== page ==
Along Came a Spider

by Ashley on March 9, 2015

The day began boring enough.

Play, breakfast, more play. Then we loaded up into the car.

Buckling the child into the seat is an ordeal. She always wants to go wherever we’re going, but she doesn’t want to be strapped down to get there. (The seatbelt struggle will be relevant later. Please bear with me.)

I eventually won the buckle battle. We back out of the driveway and head down the street. Less than one minute later, yes, one minute, while we’re still on our street, the child says, “Spider.”

No fear. No concern. Not even surprise. Just a statement.

I was less calm.

Our exchange went something like this:

“There’s a spider?”


“Where is the spider, honey?”

“In the car.”

(Not good.)

“Where in the car? On the window?”

“In the car.”

“On the door?”

“In the car.”

(Not helpful.)

“Is it a small spider?”

“Big spider.”

“It’s not a small spider?”

“No, big spider.”

(Definitely not good.)

“What color is the spider?”


“How many legs does it have?”

“One, two, three, four, five, six, seven, eight, nine, ten.”


(Though that’s not an unusual answer when there’s more than about five things.)

I don’t know whether to believe her, but either way, I’m a liiiiittle freaked out.

We continue driving because we’re meeting someone for lunch and I don’t want to be late. Ten minutes and one missed turn later, I’d forgotten about the spider.

She had not.

We pull up, park. I start getting out of the car. Again she says, “Spider.”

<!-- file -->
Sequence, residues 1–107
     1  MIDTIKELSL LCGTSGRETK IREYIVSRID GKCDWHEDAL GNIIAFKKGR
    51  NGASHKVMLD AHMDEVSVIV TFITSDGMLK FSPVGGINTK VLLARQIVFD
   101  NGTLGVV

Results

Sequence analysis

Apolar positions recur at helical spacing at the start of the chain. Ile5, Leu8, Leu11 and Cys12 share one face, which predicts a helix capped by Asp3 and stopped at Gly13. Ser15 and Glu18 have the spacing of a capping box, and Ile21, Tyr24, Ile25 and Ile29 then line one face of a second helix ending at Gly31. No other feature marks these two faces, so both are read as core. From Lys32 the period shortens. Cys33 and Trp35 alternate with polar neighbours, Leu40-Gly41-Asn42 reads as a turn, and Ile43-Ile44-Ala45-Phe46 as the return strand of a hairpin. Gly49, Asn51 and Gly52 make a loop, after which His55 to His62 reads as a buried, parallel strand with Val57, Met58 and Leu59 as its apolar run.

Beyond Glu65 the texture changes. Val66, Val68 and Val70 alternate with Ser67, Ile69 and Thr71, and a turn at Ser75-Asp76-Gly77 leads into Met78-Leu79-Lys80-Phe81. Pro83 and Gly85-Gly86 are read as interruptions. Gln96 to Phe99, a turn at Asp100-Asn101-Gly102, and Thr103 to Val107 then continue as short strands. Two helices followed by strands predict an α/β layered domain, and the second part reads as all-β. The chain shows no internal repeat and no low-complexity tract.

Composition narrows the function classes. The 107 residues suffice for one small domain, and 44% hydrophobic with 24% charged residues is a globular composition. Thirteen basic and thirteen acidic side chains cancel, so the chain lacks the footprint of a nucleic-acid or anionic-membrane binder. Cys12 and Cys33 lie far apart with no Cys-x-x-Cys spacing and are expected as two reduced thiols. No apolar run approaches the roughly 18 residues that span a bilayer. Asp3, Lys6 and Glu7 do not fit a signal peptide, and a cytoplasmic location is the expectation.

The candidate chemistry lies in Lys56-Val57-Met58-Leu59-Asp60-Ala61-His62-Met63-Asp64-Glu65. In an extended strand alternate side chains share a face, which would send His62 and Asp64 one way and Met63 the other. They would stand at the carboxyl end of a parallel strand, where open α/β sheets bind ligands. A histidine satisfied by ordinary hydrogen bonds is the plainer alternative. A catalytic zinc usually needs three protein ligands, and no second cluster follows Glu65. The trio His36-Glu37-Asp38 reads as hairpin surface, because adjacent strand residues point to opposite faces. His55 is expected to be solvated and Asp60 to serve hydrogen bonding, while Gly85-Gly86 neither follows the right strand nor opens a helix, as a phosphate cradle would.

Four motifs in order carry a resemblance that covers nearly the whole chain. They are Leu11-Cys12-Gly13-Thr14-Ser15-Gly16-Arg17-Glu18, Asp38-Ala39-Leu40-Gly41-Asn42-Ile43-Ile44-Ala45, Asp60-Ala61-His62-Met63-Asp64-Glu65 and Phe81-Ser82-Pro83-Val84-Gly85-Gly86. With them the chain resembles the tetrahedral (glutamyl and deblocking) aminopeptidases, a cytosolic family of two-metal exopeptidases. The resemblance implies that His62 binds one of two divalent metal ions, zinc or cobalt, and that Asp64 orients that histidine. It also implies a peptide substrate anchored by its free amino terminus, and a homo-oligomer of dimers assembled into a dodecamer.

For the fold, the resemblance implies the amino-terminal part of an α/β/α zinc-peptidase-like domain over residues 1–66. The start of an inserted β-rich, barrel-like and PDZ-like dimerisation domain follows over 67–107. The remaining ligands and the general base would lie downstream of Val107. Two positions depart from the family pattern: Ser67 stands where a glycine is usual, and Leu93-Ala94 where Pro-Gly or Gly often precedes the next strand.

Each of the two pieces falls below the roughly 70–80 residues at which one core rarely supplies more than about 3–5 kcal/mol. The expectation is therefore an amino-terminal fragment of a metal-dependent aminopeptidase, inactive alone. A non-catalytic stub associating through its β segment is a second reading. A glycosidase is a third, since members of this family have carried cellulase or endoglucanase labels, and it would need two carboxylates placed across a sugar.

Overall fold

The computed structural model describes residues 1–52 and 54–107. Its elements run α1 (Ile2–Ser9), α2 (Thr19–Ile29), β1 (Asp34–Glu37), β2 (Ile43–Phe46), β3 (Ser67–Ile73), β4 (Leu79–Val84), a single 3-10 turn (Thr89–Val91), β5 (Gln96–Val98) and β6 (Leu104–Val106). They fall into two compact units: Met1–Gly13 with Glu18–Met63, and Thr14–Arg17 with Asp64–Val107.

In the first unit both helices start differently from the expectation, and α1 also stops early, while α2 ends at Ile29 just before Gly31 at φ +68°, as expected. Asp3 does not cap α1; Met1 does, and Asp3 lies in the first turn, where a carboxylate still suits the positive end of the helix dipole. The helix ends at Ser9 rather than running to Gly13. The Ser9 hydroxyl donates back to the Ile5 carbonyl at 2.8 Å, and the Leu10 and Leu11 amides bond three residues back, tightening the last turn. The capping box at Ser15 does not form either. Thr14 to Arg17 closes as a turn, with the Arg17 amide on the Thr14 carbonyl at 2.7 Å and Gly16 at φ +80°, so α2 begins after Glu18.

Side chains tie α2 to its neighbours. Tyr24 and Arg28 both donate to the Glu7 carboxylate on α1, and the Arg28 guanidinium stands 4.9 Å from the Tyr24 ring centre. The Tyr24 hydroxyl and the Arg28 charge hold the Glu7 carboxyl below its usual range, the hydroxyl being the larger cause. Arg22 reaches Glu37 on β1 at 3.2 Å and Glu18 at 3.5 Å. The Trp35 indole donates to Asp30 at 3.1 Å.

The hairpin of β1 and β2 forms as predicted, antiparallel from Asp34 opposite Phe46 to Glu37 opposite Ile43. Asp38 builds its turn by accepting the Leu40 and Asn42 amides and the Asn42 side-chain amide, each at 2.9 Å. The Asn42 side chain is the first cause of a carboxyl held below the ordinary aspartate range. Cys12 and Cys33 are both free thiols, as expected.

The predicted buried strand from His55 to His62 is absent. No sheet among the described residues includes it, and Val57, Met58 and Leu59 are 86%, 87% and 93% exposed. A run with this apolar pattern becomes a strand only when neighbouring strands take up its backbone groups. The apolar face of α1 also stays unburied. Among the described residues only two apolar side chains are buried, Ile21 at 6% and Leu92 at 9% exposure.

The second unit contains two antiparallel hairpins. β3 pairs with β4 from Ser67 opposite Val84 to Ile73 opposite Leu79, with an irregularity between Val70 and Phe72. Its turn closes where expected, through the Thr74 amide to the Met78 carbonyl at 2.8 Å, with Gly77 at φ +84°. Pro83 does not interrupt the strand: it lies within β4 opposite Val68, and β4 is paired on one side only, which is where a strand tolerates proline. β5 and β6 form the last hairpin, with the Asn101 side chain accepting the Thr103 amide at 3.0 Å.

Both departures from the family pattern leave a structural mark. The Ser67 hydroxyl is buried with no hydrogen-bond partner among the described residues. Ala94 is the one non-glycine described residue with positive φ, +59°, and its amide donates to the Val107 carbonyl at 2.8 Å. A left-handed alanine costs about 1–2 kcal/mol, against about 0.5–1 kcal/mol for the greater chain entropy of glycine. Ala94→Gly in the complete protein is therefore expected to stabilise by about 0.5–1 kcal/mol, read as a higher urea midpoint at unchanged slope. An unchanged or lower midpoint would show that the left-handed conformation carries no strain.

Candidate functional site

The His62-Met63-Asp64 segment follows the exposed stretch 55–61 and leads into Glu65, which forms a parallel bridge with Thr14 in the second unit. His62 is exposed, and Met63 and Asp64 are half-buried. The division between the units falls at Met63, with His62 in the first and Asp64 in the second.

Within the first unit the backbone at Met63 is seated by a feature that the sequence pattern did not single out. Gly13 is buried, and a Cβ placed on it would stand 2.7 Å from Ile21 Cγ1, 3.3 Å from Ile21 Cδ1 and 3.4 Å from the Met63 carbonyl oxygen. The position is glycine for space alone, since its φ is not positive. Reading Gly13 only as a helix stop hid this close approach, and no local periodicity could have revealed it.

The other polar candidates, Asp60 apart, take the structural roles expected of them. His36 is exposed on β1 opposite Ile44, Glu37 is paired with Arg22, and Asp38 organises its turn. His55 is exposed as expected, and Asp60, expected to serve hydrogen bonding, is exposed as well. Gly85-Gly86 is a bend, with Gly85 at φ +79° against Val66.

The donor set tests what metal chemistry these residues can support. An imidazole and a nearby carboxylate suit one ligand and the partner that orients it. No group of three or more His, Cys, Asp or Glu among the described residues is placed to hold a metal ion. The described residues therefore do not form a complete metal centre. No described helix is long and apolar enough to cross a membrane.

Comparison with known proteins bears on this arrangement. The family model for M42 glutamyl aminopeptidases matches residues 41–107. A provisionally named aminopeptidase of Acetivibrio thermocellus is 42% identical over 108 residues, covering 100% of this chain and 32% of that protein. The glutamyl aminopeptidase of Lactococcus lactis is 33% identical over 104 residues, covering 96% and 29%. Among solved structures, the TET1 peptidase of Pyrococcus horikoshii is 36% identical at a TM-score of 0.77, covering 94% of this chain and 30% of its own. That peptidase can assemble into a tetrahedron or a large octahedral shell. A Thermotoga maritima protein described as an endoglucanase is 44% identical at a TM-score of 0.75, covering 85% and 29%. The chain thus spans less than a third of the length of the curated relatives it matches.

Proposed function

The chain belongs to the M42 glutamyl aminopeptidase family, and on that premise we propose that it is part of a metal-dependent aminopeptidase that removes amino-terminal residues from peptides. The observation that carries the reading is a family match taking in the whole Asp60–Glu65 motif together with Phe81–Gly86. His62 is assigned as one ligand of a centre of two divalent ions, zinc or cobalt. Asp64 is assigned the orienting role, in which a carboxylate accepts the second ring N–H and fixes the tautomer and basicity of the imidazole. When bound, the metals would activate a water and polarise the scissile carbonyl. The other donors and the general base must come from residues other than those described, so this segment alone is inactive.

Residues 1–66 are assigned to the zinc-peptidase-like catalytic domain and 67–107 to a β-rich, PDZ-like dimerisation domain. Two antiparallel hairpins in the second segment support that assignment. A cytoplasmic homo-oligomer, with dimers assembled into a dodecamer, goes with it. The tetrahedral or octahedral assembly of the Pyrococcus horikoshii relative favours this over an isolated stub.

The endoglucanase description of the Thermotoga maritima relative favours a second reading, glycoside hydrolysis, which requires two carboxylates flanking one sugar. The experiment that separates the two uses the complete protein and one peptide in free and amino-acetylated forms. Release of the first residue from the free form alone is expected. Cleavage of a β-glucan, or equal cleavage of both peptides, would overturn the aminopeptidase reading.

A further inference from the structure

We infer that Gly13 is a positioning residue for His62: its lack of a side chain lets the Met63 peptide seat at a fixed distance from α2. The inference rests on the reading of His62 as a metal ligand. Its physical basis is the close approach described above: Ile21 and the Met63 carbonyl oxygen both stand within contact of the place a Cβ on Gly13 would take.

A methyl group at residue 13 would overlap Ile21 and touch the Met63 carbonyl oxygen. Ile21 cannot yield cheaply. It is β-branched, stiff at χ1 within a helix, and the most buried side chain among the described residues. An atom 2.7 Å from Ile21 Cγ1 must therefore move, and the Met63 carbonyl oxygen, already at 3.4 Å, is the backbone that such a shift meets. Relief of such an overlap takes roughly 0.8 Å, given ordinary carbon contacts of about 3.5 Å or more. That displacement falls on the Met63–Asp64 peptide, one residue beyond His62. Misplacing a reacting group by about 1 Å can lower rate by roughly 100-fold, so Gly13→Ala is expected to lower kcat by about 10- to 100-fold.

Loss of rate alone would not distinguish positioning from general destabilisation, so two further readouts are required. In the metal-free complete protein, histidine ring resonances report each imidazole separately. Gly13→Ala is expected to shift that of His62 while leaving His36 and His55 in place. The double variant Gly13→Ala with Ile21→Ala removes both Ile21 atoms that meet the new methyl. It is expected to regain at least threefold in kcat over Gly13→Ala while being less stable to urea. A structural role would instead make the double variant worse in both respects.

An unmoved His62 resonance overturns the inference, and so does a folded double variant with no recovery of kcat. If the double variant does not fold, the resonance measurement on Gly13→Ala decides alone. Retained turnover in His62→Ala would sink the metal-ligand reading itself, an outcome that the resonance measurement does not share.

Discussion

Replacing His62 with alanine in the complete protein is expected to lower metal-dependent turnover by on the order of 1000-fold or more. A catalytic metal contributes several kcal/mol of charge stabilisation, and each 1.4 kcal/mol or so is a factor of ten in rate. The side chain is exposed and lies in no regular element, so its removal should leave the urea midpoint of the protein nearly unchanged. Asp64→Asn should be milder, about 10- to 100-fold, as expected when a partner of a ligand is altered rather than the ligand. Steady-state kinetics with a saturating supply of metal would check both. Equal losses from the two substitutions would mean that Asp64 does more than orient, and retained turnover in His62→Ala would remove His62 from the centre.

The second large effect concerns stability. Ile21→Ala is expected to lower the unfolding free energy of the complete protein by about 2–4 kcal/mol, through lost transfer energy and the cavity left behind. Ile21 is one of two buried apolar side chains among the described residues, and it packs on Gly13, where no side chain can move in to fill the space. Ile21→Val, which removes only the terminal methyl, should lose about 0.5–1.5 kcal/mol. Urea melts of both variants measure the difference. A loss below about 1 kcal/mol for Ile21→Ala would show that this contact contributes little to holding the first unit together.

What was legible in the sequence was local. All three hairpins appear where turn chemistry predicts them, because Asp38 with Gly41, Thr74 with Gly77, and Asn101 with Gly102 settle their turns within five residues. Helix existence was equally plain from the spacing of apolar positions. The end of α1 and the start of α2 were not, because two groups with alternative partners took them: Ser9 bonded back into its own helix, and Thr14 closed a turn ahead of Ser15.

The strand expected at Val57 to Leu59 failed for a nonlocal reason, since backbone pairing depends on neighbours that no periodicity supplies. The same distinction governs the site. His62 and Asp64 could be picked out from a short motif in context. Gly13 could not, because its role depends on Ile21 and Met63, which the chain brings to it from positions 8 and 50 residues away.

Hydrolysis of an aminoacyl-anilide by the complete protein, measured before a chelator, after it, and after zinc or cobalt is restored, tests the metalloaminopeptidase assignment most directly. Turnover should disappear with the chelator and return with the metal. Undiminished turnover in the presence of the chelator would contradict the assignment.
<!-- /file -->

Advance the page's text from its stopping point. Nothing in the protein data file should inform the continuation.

I go around to the back seat and ask, “Where’s the spider?”


And points.

To an ENORMOUS bug (not a spider, though easily mistaken for one if you’re only 2 years old). It’s just hanging out on the ceiling. Its six legs were at least an inch long. I’m not even kidding. Had it actually been a spider, it would have been a daddy longlegs.

I swatted the varmint out of the car, screamed when it flew into my coat and danced a crazy jig in the parking lot to shake it out.

No clue where it went. (Awesome.)

Later, as I retold the story with amusement mixed with horror, I wondered something I hadn’t thought of earlier.

How did she know it was a big spider? Where’d she get that frame of reference?

I also realized that the beast was perched over my head the whole time I argued with her over whether she would ride in the carseat. That’s a good four minutes or so.

Moral of the story: Believe the child’s warning when it comes to spiders. Better safe than sorry.

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